I want to make sure in all the princess excitement that young princes aren’t forgotten – boys can be assured that princes do great things in the world, as well. Perhaps your family could research some of the world’s princes and learn all that they do to make the world a better place.
A very good place to start might be the website of The Prince’s Trust, an organization through which Prince Charles, the Prince of Wales, helps change young people’s lives for the better. There is kid-friendly information and puzzles, as well as displays of children’s art work on the Children’s Page of the Prince of Wales’ official website.
Or your boys might be more interested in princes who are closer to their own age, such as Prince William, Duke of Cambridge. There is a section about him (and about his wife, Kate) on the Prince of Wales’ site as well.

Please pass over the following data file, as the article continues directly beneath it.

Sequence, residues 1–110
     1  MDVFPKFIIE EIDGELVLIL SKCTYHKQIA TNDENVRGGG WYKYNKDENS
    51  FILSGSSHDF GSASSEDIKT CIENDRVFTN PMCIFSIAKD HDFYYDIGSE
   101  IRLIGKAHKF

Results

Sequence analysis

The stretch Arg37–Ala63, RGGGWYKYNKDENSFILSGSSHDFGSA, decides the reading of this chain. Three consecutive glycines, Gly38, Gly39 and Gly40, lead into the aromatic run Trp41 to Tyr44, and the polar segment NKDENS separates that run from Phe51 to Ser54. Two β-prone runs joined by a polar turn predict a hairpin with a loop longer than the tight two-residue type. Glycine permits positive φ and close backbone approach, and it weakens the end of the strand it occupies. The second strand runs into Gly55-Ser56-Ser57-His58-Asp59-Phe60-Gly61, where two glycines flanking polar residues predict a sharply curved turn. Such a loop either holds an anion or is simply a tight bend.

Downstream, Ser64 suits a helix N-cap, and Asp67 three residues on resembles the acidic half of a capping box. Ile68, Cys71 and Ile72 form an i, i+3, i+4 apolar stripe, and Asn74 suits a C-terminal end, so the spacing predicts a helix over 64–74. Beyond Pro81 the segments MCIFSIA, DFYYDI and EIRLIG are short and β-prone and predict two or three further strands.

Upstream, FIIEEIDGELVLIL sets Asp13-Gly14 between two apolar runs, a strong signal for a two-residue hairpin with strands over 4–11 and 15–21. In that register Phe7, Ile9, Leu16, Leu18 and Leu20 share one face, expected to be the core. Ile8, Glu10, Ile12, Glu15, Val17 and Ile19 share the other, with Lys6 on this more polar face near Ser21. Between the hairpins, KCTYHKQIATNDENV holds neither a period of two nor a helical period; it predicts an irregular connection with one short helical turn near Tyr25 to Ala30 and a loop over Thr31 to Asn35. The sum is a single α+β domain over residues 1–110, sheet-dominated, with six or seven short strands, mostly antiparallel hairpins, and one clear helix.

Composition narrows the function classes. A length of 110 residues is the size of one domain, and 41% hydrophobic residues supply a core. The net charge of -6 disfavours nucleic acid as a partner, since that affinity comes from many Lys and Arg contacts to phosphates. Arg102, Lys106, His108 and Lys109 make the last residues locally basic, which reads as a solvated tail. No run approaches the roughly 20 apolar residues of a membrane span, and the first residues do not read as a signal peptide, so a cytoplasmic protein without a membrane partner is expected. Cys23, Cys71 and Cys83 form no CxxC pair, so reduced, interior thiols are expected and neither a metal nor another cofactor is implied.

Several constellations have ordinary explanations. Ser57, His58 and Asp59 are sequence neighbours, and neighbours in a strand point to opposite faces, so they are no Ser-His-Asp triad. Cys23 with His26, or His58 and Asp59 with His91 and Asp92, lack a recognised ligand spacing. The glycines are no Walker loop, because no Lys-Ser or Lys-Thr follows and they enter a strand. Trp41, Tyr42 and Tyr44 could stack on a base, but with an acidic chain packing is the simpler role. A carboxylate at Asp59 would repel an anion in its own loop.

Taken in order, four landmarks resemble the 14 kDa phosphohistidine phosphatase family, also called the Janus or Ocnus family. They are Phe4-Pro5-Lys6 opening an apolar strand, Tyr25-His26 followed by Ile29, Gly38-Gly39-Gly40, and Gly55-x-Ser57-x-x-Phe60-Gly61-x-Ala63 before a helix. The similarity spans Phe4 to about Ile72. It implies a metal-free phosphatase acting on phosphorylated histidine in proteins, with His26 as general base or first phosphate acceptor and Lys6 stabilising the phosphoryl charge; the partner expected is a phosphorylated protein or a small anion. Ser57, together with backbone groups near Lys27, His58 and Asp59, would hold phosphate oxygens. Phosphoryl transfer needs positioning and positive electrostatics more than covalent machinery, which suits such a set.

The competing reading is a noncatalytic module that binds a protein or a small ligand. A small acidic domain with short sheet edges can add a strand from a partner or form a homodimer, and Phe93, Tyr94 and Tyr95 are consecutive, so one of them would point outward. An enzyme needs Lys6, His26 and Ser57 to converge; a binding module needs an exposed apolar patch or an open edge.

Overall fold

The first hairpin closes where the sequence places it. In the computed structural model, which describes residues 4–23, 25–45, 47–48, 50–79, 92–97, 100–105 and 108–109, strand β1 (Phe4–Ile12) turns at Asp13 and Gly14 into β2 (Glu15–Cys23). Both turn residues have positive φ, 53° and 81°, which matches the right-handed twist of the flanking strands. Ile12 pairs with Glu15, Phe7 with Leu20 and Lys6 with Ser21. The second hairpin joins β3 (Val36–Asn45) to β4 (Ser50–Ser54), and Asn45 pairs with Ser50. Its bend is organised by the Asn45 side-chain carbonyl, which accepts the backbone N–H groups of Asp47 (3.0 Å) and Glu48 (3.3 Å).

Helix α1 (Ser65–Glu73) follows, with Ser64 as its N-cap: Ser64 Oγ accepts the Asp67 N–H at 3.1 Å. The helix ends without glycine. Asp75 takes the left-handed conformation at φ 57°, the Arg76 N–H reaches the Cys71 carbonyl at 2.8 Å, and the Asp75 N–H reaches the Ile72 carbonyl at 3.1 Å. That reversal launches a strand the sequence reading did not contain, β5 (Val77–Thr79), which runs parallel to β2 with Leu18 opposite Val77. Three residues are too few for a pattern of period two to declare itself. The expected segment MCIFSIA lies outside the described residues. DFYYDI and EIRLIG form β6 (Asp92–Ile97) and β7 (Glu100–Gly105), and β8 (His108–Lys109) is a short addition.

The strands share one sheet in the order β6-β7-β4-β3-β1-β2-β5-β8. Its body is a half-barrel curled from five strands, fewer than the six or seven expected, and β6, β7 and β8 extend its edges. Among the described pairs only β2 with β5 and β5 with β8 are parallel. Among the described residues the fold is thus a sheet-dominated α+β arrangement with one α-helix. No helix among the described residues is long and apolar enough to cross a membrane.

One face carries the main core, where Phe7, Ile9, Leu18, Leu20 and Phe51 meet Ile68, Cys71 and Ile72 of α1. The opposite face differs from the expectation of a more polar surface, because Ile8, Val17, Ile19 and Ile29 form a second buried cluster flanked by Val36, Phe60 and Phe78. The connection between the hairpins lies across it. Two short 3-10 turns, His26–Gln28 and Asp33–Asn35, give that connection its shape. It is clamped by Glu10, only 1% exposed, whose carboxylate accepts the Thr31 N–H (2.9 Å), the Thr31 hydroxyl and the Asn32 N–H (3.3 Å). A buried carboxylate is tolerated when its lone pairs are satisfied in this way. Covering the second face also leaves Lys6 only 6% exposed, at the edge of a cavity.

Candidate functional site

There are other princes all around the world that your family could learn more about. Just be aware that a google search for world princes retrieves lists of eligible princes and other lists that are not exactly kid-friendly.
Availability: The Very Fairy Princess: Here Comes the Flower Girl is hot off the press, released April 17, 2012, and is readily available in hardcover. It is also available in digital format for iPad, iPhone (from iBooks) and for Barnes and Noble Nook.
Every Friday, bloggers join together to share picture book reviews and resources, thanks to author Susanna Leonard Hill’s brainchild, “Perfect Picture Book Fridays.” Susanna then adds the books (and links to the reviews) to a comprehensive listing by subject on her blog. Find the entire listing at her “Perfect Picture Books.”
Giveaway Reminder: If a copy of The Very Fairy Princess: Here Comes the Flower Girl and a Fairy Princess Wand might help you let your sparkle out, remember that everyone who comments on any of this week’s blog posts will have their names added to the draw to be held on Sunday, April 29. Grand Prize is a copy of Emma’s and Julie’s new book and a specially made wand. Second Prize is a copy of the book.